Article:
Air pollution in Israel is not only a major health problem; it’s also a major economic problem, according to a report published by State Comptroller Yosef Shapira on Wednesday.
The cost of air pollution to the Israeli economy was estimated at 16 billion shekels ($4.56 billion) in 2015, most of it in the implementation of anti-pollution measures, the report said.
Part of the damage was caused by the government’s failure to implement its own decisions in pursuing measures to increase clean energy, the report said.
Once again, the country was seen as lagging behind its own target dates, as well as other developed countries in the development of clean energy. Low pollution fuels were supposed to have accounted for 5 percent of energy by 2014 and 10 percent by 2020. Instead, it was 1.4 percent in 2014, and 2 percent in 2015.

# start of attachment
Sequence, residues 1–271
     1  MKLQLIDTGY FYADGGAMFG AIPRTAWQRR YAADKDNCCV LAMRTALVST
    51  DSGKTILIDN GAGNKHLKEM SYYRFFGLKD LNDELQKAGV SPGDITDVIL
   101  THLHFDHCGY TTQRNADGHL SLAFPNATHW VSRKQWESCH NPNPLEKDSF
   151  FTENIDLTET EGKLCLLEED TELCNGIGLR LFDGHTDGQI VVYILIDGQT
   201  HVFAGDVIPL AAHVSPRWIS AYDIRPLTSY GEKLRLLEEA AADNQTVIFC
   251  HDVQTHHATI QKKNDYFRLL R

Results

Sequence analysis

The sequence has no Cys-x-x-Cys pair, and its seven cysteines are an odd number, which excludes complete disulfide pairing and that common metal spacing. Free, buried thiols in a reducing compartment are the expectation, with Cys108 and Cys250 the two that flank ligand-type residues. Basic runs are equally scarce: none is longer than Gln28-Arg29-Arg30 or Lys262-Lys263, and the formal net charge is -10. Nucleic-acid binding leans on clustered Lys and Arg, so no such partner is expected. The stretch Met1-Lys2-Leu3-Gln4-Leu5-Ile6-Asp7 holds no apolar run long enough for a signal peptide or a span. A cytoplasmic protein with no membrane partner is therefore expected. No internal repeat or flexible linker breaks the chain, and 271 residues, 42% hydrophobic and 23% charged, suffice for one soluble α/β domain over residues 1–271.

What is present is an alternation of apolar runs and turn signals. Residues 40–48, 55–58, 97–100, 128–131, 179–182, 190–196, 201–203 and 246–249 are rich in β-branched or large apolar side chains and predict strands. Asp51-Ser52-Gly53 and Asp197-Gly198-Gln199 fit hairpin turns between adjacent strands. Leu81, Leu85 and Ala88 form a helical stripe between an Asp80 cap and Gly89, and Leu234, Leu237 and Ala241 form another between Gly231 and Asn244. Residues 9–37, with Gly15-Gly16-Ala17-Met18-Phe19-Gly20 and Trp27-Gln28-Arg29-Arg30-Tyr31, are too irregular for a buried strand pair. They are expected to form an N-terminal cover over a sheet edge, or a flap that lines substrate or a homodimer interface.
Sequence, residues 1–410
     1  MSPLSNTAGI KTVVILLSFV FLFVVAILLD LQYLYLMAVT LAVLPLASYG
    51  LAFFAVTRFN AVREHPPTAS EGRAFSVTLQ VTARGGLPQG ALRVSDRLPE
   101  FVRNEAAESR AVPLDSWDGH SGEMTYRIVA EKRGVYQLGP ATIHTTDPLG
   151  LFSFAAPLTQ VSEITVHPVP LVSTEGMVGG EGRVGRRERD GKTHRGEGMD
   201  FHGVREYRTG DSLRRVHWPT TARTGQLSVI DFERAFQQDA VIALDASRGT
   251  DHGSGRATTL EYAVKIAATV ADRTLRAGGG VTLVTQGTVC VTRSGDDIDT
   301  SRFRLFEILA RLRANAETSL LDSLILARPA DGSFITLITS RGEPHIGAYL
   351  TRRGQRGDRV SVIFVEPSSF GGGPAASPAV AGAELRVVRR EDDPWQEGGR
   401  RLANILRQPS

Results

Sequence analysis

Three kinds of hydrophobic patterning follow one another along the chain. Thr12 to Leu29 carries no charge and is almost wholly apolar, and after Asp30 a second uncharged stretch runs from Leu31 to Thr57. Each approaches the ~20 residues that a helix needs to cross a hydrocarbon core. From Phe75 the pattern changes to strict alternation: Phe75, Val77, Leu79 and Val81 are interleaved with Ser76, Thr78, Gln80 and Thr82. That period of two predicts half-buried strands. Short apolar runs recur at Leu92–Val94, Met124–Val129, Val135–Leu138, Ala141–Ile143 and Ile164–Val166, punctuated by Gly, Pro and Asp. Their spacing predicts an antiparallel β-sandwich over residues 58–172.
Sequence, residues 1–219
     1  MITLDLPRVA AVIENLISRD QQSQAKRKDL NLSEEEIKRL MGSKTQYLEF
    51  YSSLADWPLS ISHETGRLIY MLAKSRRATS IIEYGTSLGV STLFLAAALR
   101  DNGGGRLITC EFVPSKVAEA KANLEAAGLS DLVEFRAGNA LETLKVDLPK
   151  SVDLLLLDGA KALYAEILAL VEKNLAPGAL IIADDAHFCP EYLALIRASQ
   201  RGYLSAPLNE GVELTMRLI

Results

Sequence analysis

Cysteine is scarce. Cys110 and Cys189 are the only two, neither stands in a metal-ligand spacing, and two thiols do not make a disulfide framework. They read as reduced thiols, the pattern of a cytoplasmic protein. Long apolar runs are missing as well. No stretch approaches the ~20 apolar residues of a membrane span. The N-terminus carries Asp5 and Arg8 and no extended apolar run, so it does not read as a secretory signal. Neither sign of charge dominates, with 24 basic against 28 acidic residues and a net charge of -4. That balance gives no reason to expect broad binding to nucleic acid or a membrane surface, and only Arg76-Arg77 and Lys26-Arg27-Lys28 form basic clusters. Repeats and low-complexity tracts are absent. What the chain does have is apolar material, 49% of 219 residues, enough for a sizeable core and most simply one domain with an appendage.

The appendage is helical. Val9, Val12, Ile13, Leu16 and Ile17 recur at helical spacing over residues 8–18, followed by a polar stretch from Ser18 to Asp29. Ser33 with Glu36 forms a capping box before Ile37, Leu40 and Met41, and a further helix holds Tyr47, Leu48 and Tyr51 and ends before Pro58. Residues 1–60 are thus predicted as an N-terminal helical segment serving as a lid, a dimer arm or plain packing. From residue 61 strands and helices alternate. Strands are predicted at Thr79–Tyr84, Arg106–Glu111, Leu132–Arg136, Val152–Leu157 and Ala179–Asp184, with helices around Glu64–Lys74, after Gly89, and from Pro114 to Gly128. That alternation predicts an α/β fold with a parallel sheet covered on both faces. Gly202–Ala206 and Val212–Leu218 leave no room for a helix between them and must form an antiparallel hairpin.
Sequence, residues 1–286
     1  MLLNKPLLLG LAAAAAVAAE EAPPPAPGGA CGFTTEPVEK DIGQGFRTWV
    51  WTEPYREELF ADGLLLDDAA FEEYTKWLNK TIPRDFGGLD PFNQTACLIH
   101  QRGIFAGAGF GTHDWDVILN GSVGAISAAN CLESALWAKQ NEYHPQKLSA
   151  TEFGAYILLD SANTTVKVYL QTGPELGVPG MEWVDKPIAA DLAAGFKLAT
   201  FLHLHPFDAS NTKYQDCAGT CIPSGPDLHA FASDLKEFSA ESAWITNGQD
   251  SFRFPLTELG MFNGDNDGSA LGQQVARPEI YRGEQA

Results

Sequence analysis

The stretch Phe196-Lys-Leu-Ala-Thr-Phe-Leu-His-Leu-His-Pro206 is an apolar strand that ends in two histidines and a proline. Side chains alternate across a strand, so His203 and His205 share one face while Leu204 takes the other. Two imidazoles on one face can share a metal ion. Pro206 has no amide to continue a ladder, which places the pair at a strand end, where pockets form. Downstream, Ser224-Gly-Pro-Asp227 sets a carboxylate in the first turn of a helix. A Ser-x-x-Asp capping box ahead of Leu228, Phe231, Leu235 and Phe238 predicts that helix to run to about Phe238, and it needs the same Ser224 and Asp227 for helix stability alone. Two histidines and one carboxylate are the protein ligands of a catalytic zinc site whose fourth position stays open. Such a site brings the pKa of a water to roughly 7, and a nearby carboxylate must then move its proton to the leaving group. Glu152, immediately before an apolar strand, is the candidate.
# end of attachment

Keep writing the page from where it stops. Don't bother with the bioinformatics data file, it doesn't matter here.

Shapira said the report will be sent to the European Organization of Supreme Audit Institutions as part of a review which 15 countries were conducting simultaneously.
Other problem areas focused on in the report included low quality cement, below international construction standards; lack of safety oversight on construction sites; lax oversight of gas use in residential dwellings.
Another infrastructure weakness noted was the soundness of the country’s bridges, stating that 145 bridges in the country have the lowest or “donkey” quality rating, while another 959 have low ratings as of 2016.
Regarding the financial sector, the report said that “a stubborn struggle against the phenomenon of money-laundering in real estate could potentially raise tax revenue, reduce housing demand, reduce inequality and raise the feeling of social justice.”